By NEIL HARTNELL
Tribune Business Editor
A Cabinet Minister yesterday confirmed that a deal for Nassau's new power plant could be signed as early as next week to bring the energy sector "out of the dark ages".
Desmond Bannister, minister of works, told Tribune Business that the signing of a Memorandum of Understanding (MoU) between Bahamas Power & Light (BPL) and Shell North America for a new plant at Clifton was "very imminent" .
"Based on what I've been told, I expect that they're going to sign it very soon," Mr Bannister replied, after this newspaper was informed it could happen next week. "I would have to call and find a date, but my understanding is probably, yes. I am sure that very imminently they will make an announcement."
Tribune Business sources, speaking on condition of anonymity, said Shell North America executives were due to return to The Bahamas next Wednesday, August 1, although some expressed doubt there would be any MoU signing.
However, Paul Maynard, the Bahamas Electrical Workers Union's (BEWU) president, confirmed to this newspaper that he understood the MoU would likely be signed either on Wednesday or Thursday.
"They're going to sign it on the first or second [of August]," he said. "They're supposed to sign it. They're coming to sign the MoU." Mr Maynard suggested other details of BPL's commercial arrangement with Shell, which is intended to provide cheaper, more reliable energy for New Providence will be worked out in the weeks to come.
While the cabinet selected Shell North America as the preferred bidder on the BPL generation supply contract back in April 2018, the details of the two sides' commercial partnership still had to be thrashed out in negotiations, the results of which are supposed to be formalised in the MoU.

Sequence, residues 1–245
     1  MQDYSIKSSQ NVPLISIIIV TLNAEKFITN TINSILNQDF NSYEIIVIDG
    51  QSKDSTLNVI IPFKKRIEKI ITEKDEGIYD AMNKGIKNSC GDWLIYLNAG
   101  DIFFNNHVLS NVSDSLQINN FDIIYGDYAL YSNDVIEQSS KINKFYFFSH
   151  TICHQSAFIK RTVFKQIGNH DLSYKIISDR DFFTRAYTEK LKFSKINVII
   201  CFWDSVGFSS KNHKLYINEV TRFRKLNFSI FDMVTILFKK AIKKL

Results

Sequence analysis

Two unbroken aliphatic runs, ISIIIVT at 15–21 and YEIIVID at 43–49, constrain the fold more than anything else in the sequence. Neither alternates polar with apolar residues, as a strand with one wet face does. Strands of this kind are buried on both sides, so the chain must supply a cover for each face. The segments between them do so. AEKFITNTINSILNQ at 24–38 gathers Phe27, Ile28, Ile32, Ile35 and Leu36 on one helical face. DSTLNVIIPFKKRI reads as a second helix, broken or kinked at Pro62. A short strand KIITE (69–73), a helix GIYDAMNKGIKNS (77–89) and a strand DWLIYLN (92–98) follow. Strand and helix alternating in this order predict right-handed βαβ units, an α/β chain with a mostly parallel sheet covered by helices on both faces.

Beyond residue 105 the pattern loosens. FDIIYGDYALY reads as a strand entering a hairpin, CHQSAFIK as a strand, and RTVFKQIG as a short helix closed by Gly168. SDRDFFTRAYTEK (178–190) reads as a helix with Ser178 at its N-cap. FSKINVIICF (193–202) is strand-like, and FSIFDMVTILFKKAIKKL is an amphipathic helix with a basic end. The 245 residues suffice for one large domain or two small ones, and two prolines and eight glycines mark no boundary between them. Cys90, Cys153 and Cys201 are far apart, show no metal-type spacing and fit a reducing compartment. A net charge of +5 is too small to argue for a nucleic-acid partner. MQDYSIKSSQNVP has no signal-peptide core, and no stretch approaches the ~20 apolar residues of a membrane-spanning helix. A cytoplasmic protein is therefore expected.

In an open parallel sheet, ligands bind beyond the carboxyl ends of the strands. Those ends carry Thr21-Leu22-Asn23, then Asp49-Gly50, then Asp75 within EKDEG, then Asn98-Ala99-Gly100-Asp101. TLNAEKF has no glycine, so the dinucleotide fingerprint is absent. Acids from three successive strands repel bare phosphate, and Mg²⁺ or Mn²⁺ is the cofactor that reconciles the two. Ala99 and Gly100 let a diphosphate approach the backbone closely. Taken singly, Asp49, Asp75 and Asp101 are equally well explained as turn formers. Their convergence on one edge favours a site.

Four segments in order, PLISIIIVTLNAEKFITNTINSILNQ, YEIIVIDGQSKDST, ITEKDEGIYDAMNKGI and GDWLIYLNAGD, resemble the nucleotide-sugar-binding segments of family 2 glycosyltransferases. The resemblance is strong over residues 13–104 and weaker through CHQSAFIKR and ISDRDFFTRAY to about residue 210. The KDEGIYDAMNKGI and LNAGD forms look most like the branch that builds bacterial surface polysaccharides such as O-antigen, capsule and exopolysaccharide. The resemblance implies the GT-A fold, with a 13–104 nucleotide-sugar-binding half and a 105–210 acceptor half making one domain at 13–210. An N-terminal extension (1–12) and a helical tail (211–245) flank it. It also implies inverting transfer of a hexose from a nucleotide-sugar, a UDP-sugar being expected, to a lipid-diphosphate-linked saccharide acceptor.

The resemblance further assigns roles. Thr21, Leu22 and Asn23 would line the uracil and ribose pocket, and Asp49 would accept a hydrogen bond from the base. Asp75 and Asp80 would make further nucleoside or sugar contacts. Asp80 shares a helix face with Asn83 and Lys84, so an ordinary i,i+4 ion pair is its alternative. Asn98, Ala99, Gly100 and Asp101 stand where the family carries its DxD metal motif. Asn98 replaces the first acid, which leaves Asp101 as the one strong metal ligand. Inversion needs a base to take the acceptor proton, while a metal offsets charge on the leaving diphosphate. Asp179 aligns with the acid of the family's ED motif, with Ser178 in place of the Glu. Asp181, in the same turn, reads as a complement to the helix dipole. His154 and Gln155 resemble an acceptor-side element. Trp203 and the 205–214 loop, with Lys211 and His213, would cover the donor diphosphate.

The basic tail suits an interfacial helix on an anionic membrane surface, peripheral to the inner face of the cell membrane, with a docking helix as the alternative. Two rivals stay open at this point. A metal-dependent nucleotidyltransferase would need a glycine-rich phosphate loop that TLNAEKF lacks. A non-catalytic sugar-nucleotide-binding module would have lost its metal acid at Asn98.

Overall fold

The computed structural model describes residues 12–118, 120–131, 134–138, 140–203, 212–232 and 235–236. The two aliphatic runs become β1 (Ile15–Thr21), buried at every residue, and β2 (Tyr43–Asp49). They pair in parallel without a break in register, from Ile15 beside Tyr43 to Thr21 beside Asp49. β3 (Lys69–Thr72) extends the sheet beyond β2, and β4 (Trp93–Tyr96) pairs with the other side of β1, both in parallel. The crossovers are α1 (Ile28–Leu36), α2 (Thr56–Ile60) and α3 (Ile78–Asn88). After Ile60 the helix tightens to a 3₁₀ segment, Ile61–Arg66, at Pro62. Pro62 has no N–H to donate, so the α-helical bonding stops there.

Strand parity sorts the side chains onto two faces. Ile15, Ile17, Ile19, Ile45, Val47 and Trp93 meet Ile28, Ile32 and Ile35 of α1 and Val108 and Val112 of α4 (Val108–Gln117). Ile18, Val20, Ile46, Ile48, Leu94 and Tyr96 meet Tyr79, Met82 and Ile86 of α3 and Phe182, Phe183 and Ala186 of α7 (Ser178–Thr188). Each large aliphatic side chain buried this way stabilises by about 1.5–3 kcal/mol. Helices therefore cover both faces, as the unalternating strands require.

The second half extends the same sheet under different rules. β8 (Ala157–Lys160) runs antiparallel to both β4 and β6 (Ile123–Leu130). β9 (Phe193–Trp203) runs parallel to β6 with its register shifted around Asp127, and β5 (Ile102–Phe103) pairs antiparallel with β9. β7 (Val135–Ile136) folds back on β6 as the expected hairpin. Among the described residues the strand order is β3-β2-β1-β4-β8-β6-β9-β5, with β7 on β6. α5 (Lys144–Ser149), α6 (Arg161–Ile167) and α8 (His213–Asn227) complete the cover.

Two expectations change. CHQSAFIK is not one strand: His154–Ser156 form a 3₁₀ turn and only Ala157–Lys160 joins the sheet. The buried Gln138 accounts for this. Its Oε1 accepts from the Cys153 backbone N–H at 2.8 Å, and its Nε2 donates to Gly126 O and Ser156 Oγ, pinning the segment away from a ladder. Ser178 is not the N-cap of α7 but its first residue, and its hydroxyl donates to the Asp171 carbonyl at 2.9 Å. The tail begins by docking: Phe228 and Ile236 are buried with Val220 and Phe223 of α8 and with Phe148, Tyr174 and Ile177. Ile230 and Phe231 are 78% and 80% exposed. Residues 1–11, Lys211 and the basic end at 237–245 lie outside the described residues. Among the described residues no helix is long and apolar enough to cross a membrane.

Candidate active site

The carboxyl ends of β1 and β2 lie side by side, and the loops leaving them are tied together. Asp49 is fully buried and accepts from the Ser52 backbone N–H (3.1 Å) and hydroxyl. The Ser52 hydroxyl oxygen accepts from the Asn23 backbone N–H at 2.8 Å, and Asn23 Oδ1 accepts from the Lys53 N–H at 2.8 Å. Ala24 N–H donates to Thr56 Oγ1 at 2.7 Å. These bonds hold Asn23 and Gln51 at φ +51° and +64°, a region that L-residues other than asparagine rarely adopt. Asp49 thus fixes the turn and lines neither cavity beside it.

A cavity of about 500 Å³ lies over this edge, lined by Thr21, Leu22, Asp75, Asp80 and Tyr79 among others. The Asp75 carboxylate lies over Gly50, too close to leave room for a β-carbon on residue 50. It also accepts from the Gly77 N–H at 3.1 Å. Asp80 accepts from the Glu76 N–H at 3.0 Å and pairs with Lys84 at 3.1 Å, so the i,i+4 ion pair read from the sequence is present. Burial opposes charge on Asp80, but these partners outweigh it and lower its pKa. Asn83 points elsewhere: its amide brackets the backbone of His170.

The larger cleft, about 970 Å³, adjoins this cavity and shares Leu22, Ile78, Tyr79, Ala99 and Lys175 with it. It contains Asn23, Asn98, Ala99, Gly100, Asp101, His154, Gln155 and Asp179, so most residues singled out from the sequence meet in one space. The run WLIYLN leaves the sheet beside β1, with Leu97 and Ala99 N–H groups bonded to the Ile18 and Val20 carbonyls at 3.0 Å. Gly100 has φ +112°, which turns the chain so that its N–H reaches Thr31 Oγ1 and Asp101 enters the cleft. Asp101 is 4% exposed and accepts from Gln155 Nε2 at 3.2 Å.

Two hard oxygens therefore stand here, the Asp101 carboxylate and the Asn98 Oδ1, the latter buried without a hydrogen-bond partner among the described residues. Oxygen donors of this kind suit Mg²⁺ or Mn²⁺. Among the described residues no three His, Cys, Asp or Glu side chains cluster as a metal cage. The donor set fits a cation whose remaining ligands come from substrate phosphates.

Shell is seeking to meet New Providence's long-term energy needs by constructing a liquefied natural gas (LNG) driven power plant at Clifton by 2021, although Mr Bannister yesterday said it would be designed to use multiple fuels so that it can employ the most viable source at any particular time.
"We need some reliability in what we have and what we do," Mr Bannister told Tribune Business with respect to the energy sector. "For us to come out of the dark ages with respect to the Clifton plant, and be able to clean it up is going to make a huge difference for this country.
"I'm not an economist, I'm a simple lawyer, so these things with respect to economic benefits are not something I can measure, but what I would certainly like to see is some reliability for the Bahamian people; reliability with generation, reliability with transmission. If I see that in my lifetime it will be a dream."
Mr Bannister said the Government was fully committed to the solution offered by Shell North America, adding: "It was the best option at the time when all the bids were evaluated, and we haven't gone back to look at anything else since. We have no reason to."
Few details on the Shell proposal have been provided to-date, other than construction of its LNG-driven solution will be completed in 2021 and provide up to 270 Mega Watts (MW) of power generation.